What is MPX?
You may have heard about MPX infections occurring throughout the nation on the news. SCUSD is providing the following information to you from the California Department of Public Health that may help answer some of your questions:
What is MPX?
MPX is a viral illness that has been circulating in California and the U.S. since Spring 2022. Though going to a public setting such as school, workplace, or restroom is a Minimal Risk and the current risk to the general public is low according to the California Department of Public Health, anyone can get monkeypox. It’s good to be aware of signs and symptoms to keep you and others safe.
MPX usually begins with flu-like symptoms, then progresses into a rash and sores on the body. Risk to the general public is still low, but cases are increasing in the U.S. and California. The virus primarily spreads from close skin-to-skin contact (hugging, kissing, sexual/intimate contact) and sharing items (bedding, towels, clothing) with someone who has symptoms. It’s important to understand which activities increase your exposure risk to help keep you and your community safe.
If you’ve been exposed to MPX or have symptoms, call a healthcare provider or your local health department and notify your work or school site. Learn more about monkeypox at go.cdph.ca.gov/monkeypox.
HOW DOES IT SPREAD?
Touching: Skin-to-skin contact (hugging, kissing, sexual activity) with someone who has symptoms.
Sharing Items: Sharing items (clothing, bedding, towels) used by someone with symptoms.
MPX can spread through close interactions from talking, coughing and breathing near someone for a long period of time. This mainly happens when living with or caring for someone with symptoms.
WHAT ARE THE SYMPTOMS?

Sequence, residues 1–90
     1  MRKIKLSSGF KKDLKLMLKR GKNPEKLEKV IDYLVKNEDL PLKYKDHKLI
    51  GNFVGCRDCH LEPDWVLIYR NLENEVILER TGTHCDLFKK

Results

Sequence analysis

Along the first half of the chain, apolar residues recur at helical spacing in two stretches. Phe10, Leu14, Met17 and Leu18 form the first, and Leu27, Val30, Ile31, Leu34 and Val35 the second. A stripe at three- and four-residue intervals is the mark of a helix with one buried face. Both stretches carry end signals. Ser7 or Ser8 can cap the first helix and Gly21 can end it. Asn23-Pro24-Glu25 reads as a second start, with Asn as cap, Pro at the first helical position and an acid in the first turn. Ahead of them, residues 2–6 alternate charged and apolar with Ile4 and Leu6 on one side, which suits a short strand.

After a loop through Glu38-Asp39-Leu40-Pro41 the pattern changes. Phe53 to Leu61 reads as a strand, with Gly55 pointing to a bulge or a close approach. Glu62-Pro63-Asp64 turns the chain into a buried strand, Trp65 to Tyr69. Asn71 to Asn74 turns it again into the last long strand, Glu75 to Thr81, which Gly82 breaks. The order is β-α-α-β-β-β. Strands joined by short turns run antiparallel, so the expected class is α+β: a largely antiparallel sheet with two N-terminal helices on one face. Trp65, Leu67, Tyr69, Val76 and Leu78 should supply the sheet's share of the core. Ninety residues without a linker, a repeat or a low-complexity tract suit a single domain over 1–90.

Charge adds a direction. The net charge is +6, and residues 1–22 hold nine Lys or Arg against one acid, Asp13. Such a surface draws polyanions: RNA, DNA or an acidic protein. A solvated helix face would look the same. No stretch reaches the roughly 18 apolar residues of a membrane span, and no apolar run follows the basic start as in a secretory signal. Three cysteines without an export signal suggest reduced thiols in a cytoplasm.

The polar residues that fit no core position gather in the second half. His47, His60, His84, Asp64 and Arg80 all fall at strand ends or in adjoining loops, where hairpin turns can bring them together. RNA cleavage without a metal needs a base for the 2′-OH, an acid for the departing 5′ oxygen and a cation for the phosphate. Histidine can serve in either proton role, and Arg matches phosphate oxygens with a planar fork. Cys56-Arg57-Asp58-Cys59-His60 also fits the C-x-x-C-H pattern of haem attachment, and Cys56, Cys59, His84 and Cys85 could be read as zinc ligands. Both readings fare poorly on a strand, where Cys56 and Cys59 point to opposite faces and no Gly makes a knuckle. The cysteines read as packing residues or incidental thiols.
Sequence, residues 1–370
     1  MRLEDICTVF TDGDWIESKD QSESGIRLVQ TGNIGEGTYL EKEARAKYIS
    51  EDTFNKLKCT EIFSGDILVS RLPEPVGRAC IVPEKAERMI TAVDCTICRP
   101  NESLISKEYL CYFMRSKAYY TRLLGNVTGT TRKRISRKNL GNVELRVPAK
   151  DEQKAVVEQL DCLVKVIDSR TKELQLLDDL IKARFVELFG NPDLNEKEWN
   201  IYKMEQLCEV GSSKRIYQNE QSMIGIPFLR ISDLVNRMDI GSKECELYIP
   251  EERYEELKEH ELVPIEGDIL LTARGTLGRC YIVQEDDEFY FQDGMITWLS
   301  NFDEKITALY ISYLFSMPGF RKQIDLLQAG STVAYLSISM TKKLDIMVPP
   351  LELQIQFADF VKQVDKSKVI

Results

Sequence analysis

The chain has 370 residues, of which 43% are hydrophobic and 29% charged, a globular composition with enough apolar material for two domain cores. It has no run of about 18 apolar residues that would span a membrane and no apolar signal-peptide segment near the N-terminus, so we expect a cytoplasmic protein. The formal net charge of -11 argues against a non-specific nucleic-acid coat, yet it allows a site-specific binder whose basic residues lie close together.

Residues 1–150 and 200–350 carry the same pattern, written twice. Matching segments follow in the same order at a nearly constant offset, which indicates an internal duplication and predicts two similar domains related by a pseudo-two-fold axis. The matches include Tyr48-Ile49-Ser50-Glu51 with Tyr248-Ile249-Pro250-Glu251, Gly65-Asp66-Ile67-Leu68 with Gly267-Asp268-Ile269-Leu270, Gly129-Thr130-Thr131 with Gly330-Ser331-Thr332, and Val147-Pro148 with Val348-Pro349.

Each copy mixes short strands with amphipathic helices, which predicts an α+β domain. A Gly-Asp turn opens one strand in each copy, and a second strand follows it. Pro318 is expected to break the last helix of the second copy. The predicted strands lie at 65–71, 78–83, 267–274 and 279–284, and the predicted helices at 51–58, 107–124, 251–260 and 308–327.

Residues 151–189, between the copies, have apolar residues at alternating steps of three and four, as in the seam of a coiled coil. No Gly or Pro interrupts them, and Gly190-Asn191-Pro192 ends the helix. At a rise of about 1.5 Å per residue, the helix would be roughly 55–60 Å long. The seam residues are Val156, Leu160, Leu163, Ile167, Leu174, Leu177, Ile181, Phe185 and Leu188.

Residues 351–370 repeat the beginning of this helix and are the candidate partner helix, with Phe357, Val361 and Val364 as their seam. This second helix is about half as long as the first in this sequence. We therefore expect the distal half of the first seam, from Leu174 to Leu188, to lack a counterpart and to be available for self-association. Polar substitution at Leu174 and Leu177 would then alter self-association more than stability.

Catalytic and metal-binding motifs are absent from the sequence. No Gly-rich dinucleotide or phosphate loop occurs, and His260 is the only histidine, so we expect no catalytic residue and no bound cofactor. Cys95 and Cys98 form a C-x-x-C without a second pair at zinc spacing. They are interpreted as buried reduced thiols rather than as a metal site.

A rash that can look like pimples or blisters that appears on the face, inside the mouth, and on other parts of the body, like the hands, feet, chest, genitals, and anus.
- SWOLLEN LYMPH NODES
HOW IS IT PREVENTED?
- Avoid close contact, including sexual contact, with people who are sick or have a rash.
- Avoid sharing bedding, towels, clothing, cups and utensils with people who have symptoms. Items should be cleaned and disinfected before used by others.
WHAT SHOULD YOU DO IF YOU HAVE SYMPTOMS?
- Contact a health care provider immediately.
- Isolate at home until rash is gone, the scabs have fallen off, and a fresh layer of skin has formed.
- If you have an active rash or other symptoms, stay in a separate room or area away from people or pets you live with. If you need to be around others in your home (i.e., caring for children or family members), cover up sores/rash and wear a mask.
When possible, the person with MPX should change their own bandages and handle their linens while wearing disposable gloves, followed by immediate handwashing after removing gloves. Symptoms can start anywhere from 5–21 days after an exposure.
IS THERE TREATMENT OR A VACCINE?
Treatment: Most people have mild symptoms and do not require treatment. A health care provider may recommend treatment to reduce your symptoms.
Vaccine: People who meet certain exposure and risk criteria may be eligible for a vaccine. Contact a health provider or your local health department with questions.
August 2022 © California Department of Public Health